The claim should be immediately reported to the insurance carrier. If there are witnesses, their statements should be taken promptly, while their memories are fresh. Similarly, all the paperwork required by your insurance carrier needs to be completed promptly. Delaying this essential paperwork will only prolong the process. Business owners should be involved and diligent in this process, and review the details in the paperwork to ensure accuracy. It can also be important to stay engaged and interested with the injured employee. This can help to get a more precise idea of the nature of the injury, different accommodations that should be made, and when he or she would be likely to be able to return to work.

The workers’ compensation process can be confusing, and you need an experienced attorney to help guide you through the claims process. Contact me today at (714) 516-8188. We can review your business and make sure that you are doing all you can to smooth the claims process.

Executive Opt Out Rule

The general overarching rule in California is that employers are always required to carry workers’ compensation insurance to cover their employees in case of injury on the job. There are exceptions, however, such as if the business is self-insured. With the new year, some of the exceptions have changed. One such example is what is referred to as the “executive opt-out rule.”

Before 2017, the executive opt-out rule was that certain high-level officials in California businesses had to affirmatively opt-in to workers’ compensation coverage. In other words, they had to take action in order to be covered. The new rule expands their coverage somewhat. It reverses the previous position, and states that if an executive does not want workers’ compensation coverage, he or she must affirmatively opt-out of coverage. This rule does not include any “high level” employee. The employees covered under that rule are corporate officers or directors who are the sole shareholders of the business. It also covered working members of a limited liability company or a partnership. The new rule, which is found in AB 2883, states that as of January 1, 2017, all officers or members of boards of directors who are employees of a company must be covered by workers’ compensation insurance, as any other employee. The only exception to this is if the officer or member of the board owns at least 15% of the outstanding stock for the corporation, and also executes a sworn statement that he or she is eligible for the exemption of workers’ compensation insurance coverage. Moreover, working members of a limited liability company or partnership who receives wages from that limited liability company or partnership may also qualify for the insurance exemption. In order to be exempted, he or she must 1) be a managing member of a limited liability company or a partner in a partnership, and 2) execute a waiver, just as the members of the boards of directors. This waiver is only effective once it has been signed and received by the workers’ compensation insurance company.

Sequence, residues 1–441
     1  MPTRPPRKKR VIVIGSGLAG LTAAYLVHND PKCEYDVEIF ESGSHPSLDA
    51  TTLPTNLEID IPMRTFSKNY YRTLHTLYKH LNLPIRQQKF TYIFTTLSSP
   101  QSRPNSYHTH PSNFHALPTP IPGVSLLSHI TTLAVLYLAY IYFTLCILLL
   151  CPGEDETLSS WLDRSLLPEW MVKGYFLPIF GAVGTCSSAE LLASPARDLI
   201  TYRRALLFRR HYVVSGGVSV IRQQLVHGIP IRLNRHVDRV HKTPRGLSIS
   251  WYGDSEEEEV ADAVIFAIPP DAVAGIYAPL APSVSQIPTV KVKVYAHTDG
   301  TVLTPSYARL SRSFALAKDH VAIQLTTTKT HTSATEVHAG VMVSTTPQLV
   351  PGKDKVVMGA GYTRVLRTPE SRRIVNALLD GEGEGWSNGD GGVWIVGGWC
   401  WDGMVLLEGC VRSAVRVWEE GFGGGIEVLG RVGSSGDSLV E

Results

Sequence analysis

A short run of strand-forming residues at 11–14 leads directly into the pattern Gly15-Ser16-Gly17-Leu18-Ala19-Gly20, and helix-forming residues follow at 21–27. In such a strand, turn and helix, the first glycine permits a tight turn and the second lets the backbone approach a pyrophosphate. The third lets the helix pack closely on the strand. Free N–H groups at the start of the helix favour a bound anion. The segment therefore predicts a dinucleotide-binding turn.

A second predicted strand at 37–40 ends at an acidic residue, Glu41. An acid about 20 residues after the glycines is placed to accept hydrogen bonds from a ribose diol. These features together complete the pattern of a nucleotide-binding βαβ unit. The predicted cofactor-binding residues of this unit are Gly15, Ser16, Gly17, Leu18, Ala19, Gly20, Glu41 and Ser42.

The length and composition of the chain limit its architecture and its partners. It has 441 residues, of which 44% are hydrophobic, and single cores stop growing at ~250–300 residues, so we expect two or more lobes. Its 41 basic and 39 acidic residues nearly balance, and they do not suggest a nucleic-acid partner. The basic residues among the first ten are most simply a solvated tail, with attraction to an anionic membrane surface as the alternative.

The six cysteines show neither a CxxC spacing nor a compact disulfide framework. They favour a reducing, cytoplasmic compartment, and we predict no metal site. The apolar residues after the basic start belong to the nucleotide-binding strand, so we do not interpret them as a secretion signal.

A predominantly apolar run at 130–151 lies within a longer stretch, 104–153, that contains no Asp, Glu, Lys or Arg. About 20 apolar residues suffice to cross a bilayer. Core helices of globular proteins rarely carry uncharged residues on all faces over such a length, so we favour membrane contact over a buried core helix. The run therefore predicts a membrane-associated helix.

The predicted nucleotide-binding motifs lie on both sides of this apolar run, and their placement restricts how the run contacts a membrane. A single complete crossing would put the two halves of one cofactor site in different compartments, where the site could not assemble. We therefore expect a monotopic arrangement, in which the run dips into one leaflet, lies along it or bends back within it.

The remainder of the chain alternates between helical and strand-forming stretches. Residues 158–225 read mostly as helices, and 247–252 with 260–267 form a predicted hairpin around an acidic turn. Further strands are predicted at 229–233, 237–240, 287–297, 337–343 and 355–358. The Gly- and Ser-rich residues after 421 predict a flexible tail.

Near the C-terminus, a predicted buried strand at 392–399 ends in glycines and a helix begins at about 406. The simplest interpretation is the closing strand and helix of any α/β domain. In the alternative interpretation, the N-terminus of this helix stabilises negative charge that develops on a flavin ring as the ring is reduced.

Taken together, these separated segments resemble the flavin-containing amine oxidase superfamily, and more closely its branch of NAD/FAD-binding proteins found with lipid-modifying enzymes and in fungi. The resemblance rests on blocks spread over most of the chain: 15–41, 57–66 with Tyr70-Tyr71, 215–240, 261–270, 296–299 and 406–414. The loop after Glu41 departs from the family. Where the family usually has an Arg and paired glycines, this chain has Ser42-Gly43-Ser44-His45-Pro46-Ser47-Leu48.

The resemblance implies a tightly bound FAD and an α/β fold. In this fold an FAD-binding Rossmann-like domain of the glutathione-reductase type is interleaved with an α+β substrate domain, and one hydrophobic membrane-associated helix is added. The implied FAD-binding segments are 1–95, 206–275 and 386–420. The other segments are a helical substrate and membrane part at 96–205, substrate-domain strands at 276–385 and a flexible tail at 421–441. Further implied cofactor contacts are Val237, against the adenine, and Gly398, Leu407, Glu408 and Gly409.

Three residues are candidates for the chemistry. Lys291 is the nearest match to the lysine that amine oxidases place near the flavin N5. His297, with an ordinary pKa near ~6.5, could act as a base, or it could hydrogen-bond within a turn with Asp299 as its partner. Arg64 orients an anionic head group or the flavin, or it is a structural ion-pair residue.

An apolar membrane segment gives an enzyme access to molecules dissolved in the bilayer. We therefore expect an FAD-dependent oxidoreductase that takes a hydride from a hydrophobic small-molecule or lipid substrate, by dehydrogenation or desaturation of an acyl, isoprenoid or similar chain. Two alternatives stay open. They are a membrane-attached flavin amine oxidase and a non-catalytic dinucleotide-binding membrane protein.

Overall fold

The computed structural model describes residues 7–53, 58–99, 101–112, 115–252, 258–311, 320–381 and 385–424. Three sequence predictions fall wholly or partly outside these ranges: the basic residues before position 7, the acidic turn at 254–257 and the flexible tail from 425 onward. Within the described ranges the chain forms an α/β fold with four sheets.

The general aim of this law is to expand those who are covered under workers’ compensation insurance in the state of California. It prevents owners of small businesses from giving an employee a false title in order to avoid providing workers’ compensation insurance for those employees, as was possible under the old rule.

These rule changes could have a big impact on your business. If you have a question about your responsibilities under the new law, contact me today at (714) 516-8188. We can discuss your business and how to make sure you are in compliance.